24 January 2020
Ryan Laukat is a game designer who just wants you to explore. First, we were invited to go Above and Below in his colourful and attractive fantasy world of Arzium, and then Near and Far, before he tempted us to head off to Islebound.
Designer: Ryan Laukat
Artists: Ryan Laukat
WHAT’S IN THE BOX?
43 Land/Character cards
12 Starting cards
24 Artifact tiles
96 Explore markers (24 in each of four colours)
36 Coin tokens
4 Player aid cards
1 Outpost card
Now… Well, the clue is in the title. But despite the expansive, open-ended promise of Roam, this latest Laukat doesn’t have the thematic breadth or depth of any of its Arzium-building predecessors. In fact, it is his most compact, and abstract, game yet.
The theme, such as it is, inflicts a sleeping sickness on the diverse residents of Arzium (goat-people, warthog-people, lizard-people, people-people), who now wander aimlessly around the land, somnambulantly performing quaintly strange little tasks, such as “building a restaurant near a sulfuric geyser” and “breaking priceless gems with a hammer.” It is up to the players to head out into the wilderness, find them, and gently bring them back into reality.
Each sleepwalker is represented on the underside of a card, whose top-side depicts a fragment of landscape overlaid with a two-by-three grid. Six of these cards are randomly placed at the centre of the table, forming a larger six-by-six square grid. When one is claimed, by a player placing the majority of explore markers on the card, it is flipped to reveal the character, who then joins that player’s starting three characters in the search, adding their special searching ability to the group and earning them victory points, which will be totted up after one player ends the game by building their team to 10.
Essentially, then, everyone is building an area-control-primed engine. Each character card depicts a specific configuration in which explore markers can be placed (without being rotated), turning each turn into a Tetris-esque puzzle, as you have to figure out the best placement – taking into account the other players’ tokens – to both collect character cards and also pick up coins off the map (these can be spent to create more placement opportunities with certain configurations). It’s not particularly complicated, and is a cinch to learn, but it does require a lot of thought and attention during play. This makes most games of Roam surprisingly silent and characterised by furrowed brows.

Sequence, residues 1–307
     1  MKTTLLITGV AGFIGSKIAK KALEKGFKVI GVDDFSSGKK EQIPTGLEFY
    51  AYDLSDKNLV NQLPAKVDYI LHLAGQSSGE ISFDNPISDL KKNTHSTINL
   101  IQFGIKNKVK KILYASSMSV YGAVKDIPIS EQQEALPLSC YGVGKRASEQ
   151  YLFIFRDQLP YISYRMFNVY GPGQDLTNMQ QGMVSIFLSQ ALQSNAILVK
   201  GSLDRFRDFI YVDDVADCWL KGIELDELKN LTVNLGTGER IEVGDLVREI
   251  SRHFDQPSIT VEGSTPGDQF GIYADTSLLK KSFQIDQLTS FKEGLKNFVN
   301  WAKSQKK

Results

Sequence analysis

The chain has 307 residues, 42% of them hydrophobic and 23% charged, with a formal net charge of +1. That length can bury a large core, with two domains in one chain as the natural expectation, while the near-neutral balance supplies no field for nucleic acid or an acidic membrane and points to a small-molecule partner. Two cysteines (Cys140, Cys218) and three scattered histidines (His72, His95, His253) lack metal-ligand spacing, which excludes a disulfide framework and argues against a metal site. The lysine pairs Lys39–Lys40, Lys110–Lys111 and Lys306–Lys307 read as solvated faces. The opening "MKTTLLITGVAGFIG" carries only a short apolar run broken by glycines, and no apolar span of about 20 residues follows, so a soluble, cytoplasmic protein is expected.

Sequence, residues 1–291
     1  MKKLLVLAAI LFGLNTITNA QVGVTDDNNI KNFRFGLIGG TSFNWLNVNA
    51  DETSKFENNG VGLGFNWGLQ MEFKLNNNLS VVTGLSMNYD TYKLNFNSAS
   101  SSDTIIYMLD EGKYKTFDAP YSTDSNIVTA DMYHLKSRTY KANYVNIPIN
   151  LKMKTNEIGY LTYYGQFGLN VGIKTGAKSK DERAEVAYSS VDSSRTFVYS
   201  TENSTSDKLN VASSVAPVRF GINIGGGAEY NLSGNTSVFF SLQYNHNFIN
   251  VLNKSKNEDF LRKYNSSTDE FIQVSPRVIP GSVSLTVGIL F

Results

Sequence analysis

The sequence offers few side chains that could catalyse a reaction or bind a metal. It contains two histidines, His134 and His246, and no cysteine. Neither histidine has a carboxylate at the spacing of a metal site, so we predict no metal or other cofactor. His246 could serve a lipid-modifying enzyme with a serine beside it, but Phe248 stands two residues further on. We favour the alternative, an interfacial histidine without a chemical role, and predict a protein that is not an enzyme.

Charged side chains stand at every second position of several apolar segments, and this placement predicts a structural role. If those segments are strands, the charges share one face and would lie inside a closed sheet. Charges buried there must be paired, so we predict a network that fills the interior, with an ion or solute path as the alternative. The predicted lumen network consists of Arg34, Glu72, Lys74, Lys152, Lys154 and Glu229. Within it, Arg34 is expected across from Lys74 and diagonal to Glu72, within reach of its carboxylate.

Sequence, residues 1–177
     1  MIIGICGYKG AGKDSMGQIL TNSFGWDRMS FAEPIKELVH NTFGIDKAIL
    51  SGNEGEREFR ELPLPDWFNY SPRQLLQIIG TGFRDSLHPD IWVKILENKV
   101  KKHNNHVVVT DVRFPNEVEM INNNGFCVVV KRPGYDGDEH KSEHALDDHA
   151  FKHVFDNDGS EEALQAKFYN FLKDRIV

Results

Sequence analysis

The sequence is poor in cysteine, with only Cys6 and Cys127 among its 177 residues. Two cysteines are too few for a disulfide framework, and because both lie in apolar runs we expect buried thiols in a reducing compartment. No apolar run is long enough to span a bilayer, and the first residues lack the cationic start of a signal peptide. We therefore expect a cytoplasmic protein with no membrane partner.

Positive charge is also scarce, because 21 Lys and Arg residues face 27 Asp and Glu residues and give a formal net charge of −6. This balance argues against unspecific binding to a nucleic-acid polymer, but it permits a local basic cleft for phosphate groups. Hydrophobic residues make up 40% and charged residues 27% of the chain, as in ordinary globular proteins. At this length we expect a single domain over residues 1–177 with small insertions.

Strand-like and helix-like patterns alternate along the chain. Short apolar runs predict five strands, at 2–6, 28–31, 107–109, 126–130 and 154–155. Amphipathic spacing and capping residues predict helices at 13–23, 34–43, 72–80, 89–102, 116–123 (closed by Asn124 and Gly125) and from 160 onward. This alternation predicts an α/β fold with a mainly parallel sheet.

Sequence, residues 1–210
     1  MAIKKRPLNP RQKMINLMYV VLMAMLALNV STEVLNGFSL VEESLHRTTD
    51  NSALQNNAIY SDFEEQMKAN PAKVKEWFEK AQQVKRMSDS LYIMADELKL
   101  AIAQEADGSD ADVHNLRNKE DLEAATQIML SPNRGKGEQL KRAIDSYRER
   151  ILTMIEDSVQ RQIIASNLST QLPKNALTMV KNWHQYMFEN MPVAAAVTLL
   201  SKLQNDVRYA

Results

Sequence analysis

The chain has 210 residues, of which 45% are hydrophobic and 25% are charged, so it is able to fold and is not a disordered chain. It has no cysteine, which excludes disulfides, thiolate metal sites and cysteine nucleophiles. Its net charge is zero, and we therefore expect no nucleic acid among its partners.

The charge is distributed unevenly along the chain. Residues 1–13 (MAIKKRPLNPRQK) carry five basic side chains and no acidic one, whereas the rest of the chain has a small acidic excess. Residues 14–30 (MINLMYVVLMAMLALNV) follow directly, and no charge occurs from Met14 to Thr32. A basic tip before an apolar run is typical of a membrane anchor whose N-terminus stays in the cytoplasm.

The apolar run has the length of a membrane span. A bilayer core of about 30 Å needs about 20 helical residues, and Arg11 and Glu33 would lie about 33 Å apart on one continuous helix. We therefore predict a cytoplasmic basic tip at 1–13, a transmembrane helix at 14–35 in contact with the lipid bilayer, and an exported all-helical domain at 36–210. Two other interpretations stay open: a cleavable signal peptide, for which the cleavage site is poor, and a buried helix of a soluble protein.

To add a little flavour, Laukat offers the option to include magic artefacts, which can be bought to gift your team with bonus powers, such as moving explore tokens on the map, or rotating a character’s placement configuration. Our advice is to include these from the start, unless you’re playing with younger children, as they mix things up in an interesting way.
If you’re looking for another big, narrative-driven Laukat game, you might find Roam’s abstraction a little odd, perhaps even disappointing. But it is so rooted in his appealing, picture-book fantasy world, it will at least feel familiar and welcoming, rewarding his fans by packing its deck with characters from all his other titles. More importantly, its neat mechanisms make for an absorbing, thinky and rewarding little experience.
Reviewed by Dan Jolin
SHOULD I PLAY THIS? YES
As long as you don’t go in expecting another Near and Far, and embrace its abstraction, Roam is sure to please.
TRY THIS IF YOU LIKED…
While you’re putting down counters in patterns rather than tiles, Roam has a similar feel to Uwe Rosenberg’s light, shape-arranging game in the way it makes you think hard about each placement.
This review originally appeared in the February 2020 issue of Tabletop Gaming. Pick up the latest issue in print or digital here or subscribe to make sure you never miss another issue.